The open court principle itself is a bedrock of Canadian law. However, the corresponding test to place limits on this openness is discretionary and allows the Court to take into account various surrounding factors in determining whether an exceptional circumstance has arisen where limits should be imposed. This makes the test relatively well suited to keep up with digital change. For example, in the recent decision of Sherman Estate, supra, the Supreme Court of Canada noted that information disclosed in court proceedings could be subject to broad and immediate dissemination, by utilizing technology.

In some limited circumstances, this information would strike at an individual’s “biographical core” in a manner that would threaten their integrity and pose a serious risk to the dignity of the impacted individual. In such circumstances, this threat to dignity is a public interest that may be balanced against the open court principle, in the test for placing discretionary limits on openness. This demonstrates that the court framework has some ability to adapt, including to take into account technology changes.

Do you have any other insights on helping clients navigate the legal nexus of privacy and access to courts post/during COVID?

Overall, the COVID-19 pandemic has shown, in many different ways, that the legal system and the legal profession can adapt to accommodate changing situations - though there are likely to be some growing pains along the way!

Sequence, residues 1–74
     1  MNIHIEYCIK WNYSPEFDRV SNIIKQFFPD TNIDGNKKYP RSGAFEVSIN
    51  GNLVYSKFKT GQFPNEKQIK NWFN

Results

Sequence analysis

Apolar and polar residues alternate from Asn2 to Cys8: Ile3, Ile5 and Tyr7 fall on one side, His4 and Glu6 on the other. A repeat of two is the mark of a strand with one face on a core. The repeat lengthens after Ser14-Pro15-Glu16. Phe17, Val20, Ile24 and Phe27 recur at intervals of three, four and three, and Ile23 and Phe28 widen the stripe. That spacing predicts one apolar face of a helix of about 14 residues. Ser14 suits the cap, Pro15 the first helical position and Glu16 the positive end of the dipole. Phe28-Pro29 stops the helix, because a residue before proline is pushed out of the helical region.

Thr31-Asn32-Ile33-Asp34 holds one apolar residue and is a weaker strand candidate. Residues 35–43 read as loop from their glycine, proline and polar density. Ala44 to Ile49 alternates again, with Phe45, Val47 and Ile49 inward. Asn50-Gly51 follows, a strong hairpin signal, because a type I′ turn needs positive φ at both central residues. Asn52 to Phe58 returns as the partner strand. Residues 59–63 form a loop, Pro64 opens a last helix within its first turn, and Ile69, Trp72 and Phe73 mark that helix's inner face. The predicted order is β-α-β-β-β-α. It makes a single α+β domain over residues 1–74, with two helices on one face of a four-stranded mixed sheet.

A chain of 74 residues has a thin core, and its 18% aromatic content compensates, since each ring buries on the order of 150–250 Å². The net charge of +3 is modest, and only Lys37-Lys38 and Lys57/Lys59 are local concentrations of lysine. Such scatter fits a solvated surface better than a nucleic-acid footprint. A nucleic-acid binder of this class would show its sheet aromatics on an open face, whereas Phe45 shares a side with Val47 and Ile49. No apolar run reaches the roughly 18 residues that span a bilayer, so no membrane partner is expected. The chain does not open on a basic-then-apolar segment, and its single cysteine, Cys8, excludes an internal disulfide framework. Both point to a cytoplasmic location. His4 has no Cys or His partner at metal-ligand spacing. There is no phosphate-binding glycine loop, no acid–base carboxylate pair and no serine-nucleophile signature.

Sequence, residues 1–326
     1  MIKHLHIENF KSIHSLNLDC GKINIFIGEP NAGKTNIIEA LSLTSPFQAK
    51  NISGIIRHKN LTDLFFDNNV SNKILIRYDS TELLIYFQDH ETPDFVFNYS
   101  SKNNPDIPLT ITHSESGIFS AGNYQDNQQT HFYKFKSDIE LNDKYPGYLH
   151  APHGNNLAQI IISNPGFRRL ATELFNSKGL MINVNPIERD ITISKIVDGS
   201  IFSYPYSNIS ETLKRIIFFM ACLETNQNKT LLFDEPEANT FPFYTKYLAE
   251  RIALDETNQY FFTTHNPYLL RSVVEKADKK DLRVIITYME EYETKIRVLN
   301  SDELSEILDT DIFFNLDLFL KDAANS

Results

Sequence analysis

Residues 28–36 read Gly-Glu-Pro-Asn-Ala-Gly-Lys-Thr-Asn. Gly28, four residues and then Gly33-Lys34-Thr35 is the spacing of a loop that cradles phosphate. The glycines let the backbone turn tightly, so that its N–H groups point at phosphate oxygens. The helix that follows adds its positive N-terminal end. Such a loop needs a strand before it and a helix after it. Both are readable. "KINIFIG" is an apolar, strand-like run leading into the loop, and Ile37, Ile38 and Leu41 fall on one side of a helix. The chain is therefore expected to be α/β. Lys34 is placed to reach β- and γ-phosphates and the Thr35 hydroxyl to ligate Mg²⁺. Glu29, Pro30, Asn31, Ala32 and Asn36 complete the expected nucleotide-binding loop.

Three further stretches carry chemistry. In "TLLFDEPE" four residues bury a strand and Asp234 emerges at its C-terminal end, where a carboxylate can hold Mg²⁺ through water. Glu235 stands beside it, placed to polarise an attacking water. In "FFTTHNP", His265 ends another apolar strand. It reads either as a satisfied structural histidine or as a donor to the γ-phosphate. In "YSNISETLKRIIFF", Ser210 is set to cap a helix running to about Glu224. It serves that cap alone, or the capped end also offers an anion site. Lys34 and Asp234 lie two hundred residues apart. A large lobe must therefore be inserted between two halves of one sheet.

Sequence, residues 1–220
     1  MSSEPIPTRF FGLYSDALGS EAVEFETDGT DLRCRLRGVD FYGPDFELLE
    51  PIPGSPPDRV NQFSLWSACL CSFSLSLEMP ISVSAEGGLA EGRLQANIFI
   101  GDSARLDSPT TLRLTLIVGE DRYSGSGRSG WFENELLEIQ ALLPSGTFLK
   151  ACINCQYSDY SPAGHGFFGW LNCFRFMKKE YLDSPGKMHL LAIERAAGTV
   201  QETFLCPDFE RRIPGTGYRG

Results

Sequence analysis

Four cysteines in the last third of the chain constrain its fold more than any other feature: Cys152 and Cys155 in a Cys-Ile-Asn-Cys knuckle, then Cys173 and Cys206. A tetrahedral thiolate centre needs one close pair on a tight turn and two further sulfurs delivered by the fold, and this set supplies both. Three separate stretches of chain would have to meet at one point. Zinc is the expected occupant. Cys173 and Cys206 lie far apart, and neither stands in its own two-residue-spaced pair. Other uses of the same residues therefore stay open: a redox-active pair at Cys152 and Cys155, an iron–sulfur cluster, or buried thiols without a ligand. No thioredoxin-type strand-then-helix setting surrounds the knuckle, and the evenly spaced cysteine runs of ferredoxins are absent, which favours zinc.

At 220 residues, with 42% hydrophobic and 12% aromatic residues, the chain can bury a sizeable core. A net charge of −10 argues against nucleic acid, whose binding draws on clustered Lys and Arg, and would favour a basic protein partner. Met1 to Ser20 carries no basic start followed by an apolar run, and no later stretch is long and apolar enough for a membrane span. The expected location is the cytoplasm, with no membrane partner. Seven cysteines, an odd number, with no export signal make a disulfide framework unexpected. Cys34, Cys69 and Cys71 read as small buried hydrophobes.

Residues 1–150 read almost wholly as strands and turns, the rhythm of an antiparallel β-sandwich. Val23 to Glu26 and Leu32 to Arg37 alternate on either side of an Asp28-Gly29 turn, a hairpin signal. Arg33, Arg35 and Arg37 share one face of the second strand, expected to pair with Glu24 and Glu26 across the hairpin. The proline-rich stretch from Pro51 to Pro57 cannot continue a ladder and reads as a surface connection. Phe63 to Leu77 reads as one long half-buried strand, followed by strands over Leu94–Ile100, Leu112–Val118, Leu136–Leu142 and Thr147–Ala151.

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Erica Miller is a litigator at Farris LLP, having initially joined the firm as a summer articled student in 2010.

Erica assists clients in a broad range of litigation matters, with a focus on commercial disputes. Her practice includes various administrative and regulatory matters, construction disputes, contractual disputes, international trade matters and general civil litigation matters. Erica has assisted clients in a variety of matters before the British Columbia Provincial Court, Supreme Court and Court of Appeal, the Supreme Court of Canada, as well as before various administrative tribunals, including the Canadian International Trade Tribunal, the BC Utilities Commission, the Hospital Appeal Board.

[1] Sherman Estate v. Donovan, 2021 SCC 25, para. 44 (“Sherman Estate”)

[2]  See, for example, Canadian Newspapers Co. v. Canada (Attorney General), [1988] 2 S.C.R. 122

[3] Sherman Estate, para. 38.

[4] Reference re Subsection 18.3(1) of the Federal Courts Act, 2021 FC 723

[5] A.B. v. Bragg Communications Inc., 2012 SCC 46, paras. 23, 26-27.

[6] Sierra Club of Canada v. Canada (Minister of Finance), 2002 SCC 41

[7] Sherman Estate, supra, para. 31.